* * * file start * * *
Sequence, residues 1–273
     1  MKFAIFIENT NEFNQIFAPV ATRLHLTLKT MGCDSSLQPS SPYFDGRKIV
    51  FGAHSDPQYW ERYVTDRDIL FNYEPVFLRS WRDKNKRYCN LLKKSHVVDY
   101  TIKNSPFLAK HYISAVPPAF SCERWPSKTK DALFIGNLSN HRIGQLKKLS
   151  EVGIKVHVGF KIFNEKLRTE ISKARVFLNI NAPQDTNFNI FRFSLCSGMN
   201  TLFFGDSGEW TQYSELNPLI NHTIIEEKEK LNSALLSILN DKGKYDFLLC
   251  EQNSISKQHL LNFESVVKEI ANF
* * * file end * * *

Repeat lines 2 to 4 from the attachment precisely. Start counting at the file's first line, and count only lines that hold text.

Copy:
     1  MKFAIFIENT NEFNQIFAPV ATRLHLTLKT MGCDSSLQPS SPYFDGRKIV
    51  FGAHSDPQYW ERYVTDRDIL FNYEPVFLRS WRDKNKRYCN LLKKSHVVDY
   101  TIKNSPFLAK HYISAVPPAF SCERWPSKTK DALFIGNLSN HRIGQLKKLS